'US should pursue robust military engagement with India'
The US should pursue robust strategic and military engagement with India to limit China's geopolitical horizons and encourage a stable balance of power in Asia, two noted American scholars said on Tuesday.world Updated: Jul 19, 2011 10:23 IST
The US should pursue robust strategic and military engagement with India to limit China's geopolitical horizons and encourage a stable balance of power in Asia, two noted American scholars said on Tuesday.
"The US should pursue robust strategic and military engagement with India in order to encourage a stable balance of power in Asia that prevents China from dominating the region and surrounding seas," said Lisa Curtis and Dean Cheng, of The Heritage Foundation in an article 'A Strategic vision for US-India Relations'.
Noting that the US and India share a broad strategic interest in setting limits to China's geopolitical horizons and can work together to support mutually reinforcing goals without becoming "allies" in the traditional sense, they said the US should support India's military modernisation campaign, including its quest for increasingly sophisticated technologies, and develop new initiatives for keeping the Indian Ocean safe and secure.
Additionally, the US should remain closely engaged with the smaller South Asian states and temper any expectations that the US and China can cooperate in South Asia, where India remains the predominant power.
Although India's recent decision to forego American planes to fulfill its fighter aircraft needs has added a dose of realism to Indo–US relations, the complex challenge presented by a rising China will inevitably drive the US and India to elevate ties and increase cooperation across a broad range of sectors in years to come, they wrote.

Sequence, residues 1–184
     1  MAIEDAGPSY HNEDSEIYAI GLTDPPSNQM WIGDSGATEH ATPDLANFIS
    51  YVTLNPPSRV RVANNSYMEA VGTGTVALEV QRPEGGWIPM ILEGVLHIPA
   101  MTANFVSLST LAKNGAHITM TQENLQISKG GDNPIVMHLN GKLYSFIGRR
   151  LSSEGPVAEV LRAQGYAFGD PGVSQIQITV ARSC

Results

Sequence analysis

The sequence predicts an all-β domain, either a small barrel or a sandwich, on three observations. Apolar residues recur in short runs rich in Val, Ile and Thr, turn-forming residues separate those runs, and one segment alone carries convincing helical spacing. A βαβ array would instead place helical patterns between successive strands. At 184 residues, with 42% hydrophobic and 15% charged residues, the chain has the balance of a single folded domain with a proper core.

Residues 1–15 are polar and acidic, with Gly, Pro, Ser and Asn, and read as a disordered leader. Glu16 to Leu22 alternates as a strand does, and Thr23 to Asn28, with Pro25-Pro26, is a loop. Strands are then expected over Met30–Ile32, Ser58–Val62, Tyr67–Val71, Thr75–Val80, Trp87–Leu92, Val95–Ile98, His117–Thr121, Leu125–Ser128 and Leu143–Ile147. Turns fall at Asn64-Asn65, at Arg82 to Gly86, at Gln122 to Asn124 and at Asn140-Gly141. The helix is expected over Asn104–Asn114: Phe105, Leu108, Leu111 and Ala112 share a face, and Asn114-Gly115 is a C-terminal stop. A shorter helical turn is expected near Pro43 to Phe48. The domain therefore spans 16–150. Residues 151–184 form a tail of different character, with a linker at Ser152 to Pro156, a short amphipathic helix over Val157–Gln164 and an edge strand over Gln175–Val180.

Curtis and Cheng said China's increased assertiveness in the East and South China Seas over the past year has been accompanied by a hardening position on its border disputes with India.
Last summer, India took the unprecedented step of suspending military ties with China in response to Beijing's refusal to grant a visa to an Indian Army general serving in Jammu and Kashmir, they wrote.
Chinese Premier Wen Jiabao's visit to New Delhi last December helped tamp down the disagreement, and military contacts have since resumed.
"Still, the incident shows the fragility of the Sino–Indian rapprochement and the potential for deepening tensions over the unresolved border issues to escalate," she wrote.
Curtis and Cheng said Clinton's visit to India for Strategic Dialogue talks provides an opportunity to take India's pulse on China and to discuss new diplomatic and security initiatives that will contribute to maintaining a stable balance of power in Asia.
The US should demonstrate support for Indian military modernisation and enhanced US–Indian defense ties.
While China's economy is several times larger than India's and its conventional military capabilities today outstrip India's by almost any comparison, Beijing has begun to take notice of Indi'’s growing global political and economic clout, as well as the broad-based American support for expanding strategic ties with India, they said.
For its part, India, long suspicious of China's close relations and military support for Pakistan, views an increased Chinese presence in northern Pakistan and expanded civil nuclear cooperation between Beijing and Islamabad as particularly worrisome.
Indian military strategists believe they must plan for the possibility of a two-front war with Pakistan and China even as they actively seek dialogues with both to diminish the chances of such a dire scenario, Curtis and Cheng said.